by Daniel Gardner
President Obama is still blaming George W's fiscal policies for this mess we're in. Rather than playing the blame game, maybe we should be asking whether we're moving in the right direction?
The housing and banking sectors in league with Wall Street and Uncle Sam largely caused our current economic mess, and the foundations were laid as far back as the Carter administration with the Housing and Community Development Act of 1977 that offered incentives to lending institutions to meet needs of low-income borrowers in their communities.
Over the years and under both Republican and Democratic administrations and congresses the law was tweaked and lenders began granting what were called subprime mortgages, i.e., mortgages that were not as safe or secure as prime mortgages.
When Fannie Mae went public in 1968, Uncle Sam allowed Wall Street and just about anybody else to create its own mortgage-backed securities. In the mid-1990s money-managers found ways to bundle subprime mortgages so investors couldn't really tell what were in the bundles.
When subprime borrowers began defaulting on their loans, everybody started losing money, and in 2007 failed loans began hitting the fan in bundles. By the fall of 2008 (no pun intended) banks and Wall Street were declared too big to fail, and Washington (Bush, Obama, and McCain) agreed to push the Troubled Asset Relief Program (TARP) authorizing up to $700 billion to keep these businesses from failing.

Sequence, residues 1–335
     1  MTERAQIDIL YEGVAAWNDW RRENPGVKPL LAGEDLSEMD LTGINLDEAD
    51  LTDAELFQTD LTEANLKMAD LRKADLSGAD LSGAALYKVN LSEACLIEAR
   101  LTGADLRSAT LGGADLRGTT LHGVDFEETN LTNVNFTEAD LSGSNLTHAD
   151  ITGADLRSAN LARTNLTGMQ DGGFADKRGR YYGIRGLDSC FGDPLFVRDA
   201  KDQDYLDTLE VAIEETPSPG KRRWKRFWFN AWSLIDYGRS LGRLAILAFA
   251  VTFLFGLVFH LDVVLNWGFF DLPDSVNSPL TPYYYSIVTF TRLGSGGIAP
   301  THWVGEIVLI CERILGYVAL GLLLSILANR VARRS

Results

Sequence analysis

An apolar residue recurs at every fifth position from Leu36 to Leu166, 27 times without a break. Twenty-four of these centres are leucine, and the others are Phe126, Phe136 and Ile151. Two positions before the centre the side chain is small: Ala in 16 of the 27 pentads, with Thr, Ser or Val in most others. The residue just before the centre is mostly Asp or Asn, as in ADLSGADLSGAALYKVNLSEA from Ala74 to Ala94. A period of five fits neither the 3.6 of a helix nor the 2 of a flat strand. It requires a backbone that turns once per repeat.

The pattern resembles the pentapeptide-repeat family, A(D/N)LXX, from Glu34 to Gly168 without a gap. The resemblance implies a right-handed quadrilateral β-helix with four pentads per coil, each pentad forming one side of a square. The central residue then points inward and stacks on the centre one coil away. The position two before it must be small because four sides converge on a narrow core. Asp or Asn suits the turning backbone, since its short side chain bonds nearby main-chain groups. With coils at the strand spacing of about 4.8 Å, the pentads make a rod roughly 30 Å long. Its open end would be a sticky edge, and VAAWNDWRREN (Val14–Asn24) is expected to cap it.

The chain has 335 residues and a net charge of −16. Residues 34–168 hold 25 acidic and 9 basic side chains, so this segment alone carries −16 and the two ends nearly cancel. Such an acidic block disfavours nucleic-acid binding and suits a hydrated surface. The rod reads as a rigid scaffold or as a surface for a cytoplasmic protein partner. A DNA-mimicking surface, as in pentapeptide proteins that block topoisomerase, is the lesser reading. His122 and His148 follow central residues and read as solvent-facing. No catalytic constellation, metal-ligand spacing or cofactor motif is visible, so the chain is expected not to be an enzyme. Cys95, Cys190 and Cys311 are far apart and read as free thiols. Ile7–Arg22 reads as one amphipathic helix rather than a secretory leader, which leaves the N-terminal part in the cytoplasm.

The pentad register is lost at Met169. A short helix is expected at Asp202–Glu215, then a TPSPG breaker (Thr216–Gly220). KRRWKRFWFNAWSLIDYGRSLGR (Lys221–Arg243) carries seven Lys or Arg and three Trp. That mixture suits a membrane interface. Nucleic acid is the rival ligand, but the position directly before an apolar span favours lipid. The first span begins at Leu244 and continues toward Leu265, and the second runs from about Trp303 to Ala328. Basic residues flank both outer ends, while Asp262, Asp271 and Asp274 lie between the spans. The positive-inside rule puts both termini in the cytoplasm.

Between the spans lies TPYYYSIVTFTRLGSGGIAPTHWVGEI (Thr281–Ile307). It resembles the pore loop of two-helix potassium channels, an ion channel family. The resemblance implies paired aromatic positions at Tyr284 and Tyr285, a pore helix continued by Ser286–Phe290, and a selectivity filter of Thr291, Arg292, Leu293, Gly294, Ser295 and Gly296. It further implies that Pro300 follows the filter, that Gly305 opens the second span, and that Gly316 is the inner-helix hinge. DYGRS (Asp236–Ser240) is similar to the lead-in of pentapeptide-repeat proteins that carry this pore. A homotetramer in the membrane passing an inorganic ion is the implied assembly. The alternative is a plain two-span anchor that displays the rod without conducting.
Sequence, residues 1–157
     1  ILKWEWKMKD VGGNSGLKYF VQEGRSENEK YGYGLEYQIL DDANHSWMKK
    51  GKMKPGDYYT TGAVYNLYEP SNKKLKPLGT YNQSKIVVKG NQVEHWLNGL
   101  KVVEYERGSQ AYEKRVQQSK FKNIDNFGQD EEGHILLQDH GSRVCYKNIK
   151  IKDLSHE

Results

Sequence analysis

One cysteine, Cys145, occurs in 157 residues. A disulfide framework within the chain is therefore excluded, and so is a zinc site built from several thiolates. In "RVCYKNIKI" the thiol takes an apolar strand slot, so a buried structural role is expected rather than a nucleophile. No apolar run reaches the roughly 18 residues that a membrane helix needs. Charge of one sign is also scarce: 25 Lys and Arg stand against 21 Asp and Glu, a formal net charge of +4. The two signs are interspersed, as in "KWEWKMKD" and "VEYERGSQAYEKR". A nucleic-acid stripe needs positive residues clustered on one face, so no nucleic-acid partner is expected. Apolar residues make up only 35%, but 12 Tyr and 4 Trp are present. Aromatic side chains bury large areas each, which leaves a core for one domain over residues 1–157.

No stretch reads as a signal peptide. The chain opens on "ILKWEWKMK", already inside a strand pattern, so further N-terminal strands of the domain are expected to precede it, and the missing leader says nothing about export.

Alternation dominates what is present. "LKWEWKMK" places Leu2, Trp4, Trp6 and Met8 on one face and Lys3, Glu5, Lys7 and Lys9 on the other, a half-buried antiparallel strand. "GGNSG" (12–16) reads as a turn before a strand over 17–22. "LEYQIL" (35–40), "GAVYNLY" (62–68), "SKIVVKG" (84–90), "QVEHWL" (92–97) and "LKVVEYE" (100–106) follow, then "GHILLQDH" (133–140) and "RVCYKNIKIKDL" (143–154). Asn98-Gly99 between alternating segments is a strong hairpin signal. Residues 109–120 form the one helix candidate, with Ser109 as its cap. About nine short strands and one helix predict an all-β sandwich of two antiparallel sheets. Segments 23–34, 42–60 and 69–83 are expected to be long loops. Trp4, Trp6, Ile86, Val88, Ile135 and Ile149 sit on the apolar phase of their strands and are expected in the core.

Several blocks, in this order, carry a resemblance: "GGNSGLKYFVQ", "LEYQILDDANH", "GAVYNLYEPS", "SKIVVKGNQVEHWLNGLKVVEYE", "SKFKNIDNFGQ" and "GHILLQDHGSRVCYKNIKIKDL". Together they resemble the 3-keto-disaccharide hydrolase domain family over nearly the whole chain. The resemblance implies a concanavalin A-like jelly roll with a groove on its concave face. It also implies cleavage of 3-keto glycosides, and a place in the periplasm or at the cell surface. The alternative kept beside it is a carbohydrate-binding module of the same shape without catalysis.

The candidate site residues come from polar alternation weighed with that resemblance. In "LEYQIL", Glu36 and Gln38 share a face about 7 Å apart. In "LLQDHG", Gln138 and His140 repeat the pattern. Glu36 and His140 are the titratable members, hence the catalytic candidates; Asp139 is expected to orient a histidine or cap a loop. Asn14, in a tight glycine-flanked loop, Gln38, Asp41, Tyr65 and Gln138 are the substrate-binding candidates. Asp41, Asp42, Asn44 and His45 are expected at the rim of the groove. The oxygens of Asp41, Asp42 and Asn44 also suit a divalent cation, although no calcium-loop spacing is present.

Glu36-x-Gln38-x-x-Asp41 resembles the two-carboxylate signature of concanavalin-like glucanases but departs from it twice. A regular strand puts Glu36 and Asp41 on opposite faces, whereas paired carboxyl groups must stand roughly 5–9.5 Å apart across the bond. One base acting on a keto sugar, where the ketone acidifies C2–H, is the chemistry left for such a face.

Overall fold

Explain to me again how George W's fiscal policies created all this debt? Actually, revenue and spending under President Bush were remarkably stable considering we were fighting two wars and recovering not only from effects of 9/11 on all sectors of our economy, but also from the dot.com recession.
During Bush's eight years in office revenue averaged 17.6 percent of GDP, bouncing between 16.1 percent at its lowest and 19.5 percent at its highest. Outlays during these eight years averaged 19.6 percent bouncing between 18.2 percent and 20.8 percent.
Revenue and outlays changed radically during Mr. Obama's reign, with revenue averaging just over 15 percent of GDP and outlays averaging nearly 25 percent of GDP. That ten-point spread is why we have incurred an average of $1.34 trillion in deficits annually during Mr. Obama's first three years in office, and our debt has skyrocketed from $10.63 trillion to $15.74 trillion today, over $5 trillion in just three-and-a-half years.
Mr. Obama came into office saying we needed to borrow tons of money and spend it as quickly as possible to stimulate the economy, and that by do so unemployment would not rise above 8 percent. His fiscal philosophy says spending more and more money will stimulate the economy enough that we'll bring in a lot more revenue…especially if we raise taxes on rich folks.
In Mr. Bush's last year in office, the treasury brought in $2.52 trillion in revenue. In Mr. Obama's three years in office, the treasury has brought in $2.10 trillion, $2.16 trillion, and $2.30 trillion respectively, or still $220 billion less revenue than the treasury received during Mr. Bush's last year.
Mr. Obama's economic policies of spending more money, not to mention having to borrow more money, have brought in less money than Mr. Bush's polices. We're really not moving in the right direction.